When Jaguar heavily redesigned its junior S-Type sedan in 1966, it looked to the engine displacement for a name, something BMW and Mercedes-Benz have done for many moons now (though these days they play it a lot more fast and loose, e.g. a 3.0L twin-turbo straight six yields a 740i). Since the six-cylinder XK engine had grown to 4.2L by that time, Jag brass dubbed the new saloon the 420. The larger Mark X was facelifted and renamed the 420G the same year.
But 1966 was also around the time the drug culture was moving out of the shadows and into the mainstream (or at least, the mainstream if you lived in San Francisco near the intersection of Haight and Ashbury). Eventually, a new euphemism for marijuana emerged that also referred to a sort of holy day among the reeferistas: 420. And to think the VW Transporter still gets all the love…
Back in the day, Volkswagen was notoriously unimaginative when it came to naming its products. The Beetle was actually referred to as the Sedan, while VW of America’s marketing department often called the Microbus the Station Wagon. So you can imagine the head scratching that ensued when they were tasked with giving the Type 181 – a slab-sided, four-door convertible SUV-ish vehicle – a name for the U.S. market. Apparently they took a long, hard look at it and finally came up with…Thing. While many will concede it’s cute (us included), it kinda gives the impression that there isn’t much creativity to go around.
When your cars have a reputation for spotty reliability, it’s probably not a great idea to name them after some sort of destructive force or catastrophe. Renault, therefore, showed a lot of Gaul (*ba-boom…tish!*) in naming its sport coupe of the ‘80s the Fuego. Why? Fuego is Spanish for fire. Ay ay ay…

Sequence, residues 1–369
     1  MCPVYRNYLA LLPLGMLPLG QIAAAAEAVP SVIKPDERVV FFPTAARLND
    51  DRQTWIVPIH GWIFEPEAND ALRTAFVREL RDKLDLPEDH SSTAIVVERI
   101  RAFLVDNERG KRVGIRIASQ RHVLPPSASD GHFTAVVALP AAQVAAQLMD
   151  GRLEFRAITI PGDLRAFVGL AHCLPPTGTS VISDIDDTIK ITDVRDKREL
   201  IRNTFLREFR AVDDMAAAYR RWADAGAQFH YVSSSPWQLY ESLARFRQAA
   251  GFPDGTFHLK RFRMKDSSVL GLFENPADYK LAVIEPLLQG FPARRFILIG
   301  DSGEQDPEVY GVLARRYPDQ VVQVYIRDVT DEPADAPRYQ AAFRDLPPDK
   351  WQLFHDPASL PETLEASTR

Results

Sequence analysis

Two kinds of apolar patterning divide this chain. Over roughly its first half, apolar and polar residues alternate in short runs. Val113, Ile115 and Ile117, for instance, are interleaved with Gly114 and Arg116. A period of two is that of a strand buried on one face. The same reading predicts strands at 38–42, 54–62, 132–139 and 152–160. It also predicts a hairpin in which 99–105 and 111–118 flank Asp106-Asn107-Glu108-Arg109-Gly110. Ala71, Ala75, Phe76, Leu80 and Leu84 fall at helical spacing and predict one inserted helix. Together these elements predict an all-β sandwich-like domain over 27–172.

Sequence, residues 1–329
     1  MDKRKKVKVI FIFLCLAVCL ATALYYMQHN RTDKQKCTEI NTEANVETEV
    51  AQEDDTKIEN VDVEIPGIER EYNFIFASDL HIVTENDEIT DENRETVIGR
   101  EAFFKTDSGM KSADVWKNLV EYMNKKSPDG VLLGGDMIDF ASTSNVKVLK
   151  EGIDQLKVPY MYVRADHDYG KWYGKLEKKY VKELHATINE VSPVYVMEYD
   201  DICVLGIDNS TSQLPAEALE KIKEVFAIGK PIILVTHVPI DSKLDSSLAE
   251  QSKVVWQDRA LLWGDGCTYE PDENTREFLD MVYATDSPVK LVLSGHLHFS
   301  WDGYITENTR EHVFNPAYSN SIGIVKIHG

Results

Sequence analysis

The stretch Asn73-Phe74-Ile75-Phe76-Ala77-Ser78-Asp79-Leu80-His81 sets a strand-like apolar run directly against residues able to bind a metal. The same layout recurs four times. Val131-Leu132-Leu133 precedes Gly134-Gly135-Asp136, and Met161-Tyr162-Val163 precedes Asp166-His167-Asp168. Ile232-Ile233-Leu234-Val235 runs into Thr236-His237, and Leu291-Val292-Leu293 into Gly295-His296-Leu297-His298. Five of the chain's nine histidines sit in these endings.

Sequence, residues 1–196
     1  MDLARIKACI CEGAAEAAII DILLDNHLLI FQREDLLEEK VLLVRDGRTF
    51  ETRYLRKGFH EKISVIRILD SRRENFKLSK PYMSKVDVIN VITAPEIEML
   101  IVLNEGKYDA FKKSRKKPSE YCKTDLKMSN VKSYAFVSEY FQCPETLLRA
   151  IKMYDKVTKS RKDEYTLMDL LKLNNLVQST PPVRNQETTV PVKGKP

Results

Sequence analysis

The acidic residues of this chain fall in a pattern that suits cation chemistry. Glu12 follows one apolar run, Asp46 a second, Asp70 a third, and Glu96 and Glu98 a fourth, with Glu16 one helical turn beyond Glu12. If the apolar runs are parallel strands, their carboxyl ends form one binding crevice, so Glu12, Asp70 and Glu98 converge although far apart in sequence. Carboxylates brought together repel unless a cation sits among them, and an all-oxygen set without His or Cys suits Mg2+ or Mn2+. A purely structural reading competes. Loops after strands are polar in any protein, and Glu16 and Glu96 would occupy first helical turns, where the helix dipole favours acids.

You know, it’s funny how a word can mean one thing in one culture and something completely different in another. Take the “lacrosse,” for instance; Buick thought so highly of this sport’s name that they plastered it on their midsize sedan which debuted as a 2005 model. There was just one small problem: In Canada’s French-speaking province of Quebec, “la crosse” is slang for, uh, self-gratification. Thankfully, Buick was able to change the GWNDM (Great White North Domestic Market) version of the car’s name to Allure at the 11th hour. Crisis averted!
Monteverdi Hai 450 GTS
What could be better than a Nixon Era Swiss supercar powered by a mid-mounted Chrysler 426 Street Hemi? Other than sharing sheets with Genevieve Morton and a lifetime supply of Barnum’s Animal Crackers (Surely they must have a little crack in ‘em to be that tasty…), not a whole hell of a lot, if you ask us. But a lot has changed since the Monteverdi Hai 450 GTS arrived on the motoring scene…namely the Internet or, if you’re into specificity, LOLspeak. So if you do drive one, be prepared to field at least a few “O HAI” quips from the peanut gallery. THEN SHO DEM UR HEMI HORSPOWAHZ AND U CAN HAZ TEH LAST LOL.
You might remember this son-of-a-Brinks from our 25 Worst Concept Car Atrocities list, but it makes its triumphant(?) return on the strength (again, ?) of its headdesk-inducing moniker. The story goes that Ford originally wanted to call this car the Armadillo, but Fiat had recently done a concept car using that name. After considering “Knox” (Heh, Ford Knox…) and “Gorilla,” Ford settled on a contraction of “synthesis” and “urban sanctuary (US).” That apparently not a single soul, at any point during the process of devising the name, figured a great many people would pronounce it “sinus,” is like a grenade detonated atop our frail little minds.